Abstract and Keywords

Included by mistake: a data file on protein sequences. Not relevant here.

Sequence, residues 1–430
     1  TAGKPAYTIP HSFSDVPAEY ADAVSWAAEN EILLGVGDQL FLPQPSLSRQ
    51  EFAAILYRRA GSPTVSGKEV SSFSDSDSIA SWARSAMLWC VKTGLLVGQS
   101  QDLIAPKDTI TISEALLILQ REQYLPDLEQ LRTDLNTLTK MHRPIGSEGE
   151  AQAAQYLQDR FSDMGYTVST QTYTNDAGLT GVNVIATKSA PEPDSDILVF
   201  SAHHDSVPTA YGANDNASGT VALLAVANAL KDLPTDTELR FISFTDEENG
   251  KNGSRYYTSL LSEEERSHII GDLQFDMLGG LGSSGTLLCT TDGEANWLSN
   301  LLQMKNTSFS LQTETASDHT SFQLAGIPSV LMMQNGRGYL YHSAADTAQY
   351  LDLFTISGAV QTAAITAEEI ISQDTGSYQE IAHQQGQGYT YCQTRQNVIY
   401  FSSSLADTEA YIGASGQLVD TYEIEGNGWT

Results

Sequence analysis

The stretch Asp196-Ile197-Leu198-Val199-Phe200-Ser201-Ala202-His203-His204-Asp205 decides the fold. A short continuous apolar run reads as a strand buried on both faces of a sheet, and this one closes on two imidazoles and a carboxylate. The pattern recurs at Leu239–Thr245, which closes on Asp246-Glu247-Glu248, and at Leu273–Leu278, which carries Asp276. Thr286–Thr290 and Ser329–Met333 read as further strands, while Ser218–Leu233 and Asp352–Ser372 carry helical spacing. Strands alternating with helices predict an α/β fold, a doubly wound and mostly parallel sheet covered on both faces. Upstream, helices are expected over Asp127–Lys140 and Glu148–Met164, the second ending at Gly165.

This essay examines possible ascetic tendencies in apocryphal gospels and their relationship to theological ideas and the role of female disciples in those texts. In some gospels, certain theological ideas correlate with the prominent participation of women and with statements that are susceptible to an ascetic interpretation: salvation is regarded as a (perhaps already achieved) return to an original state of creation, a spiritual existence without sexual differentiation and without birth and death; ascetic practice and an equal role for women seem to be derived from such a state. In this context, asceticism is not a separate issue and not the path to salvation, but rather the consequence of the theology. In other writings, calls to control desire and negative sexual imagery are important, although they do not necessarily have to result in abstinence; a married life (including sexuality without desire) is acceptable.
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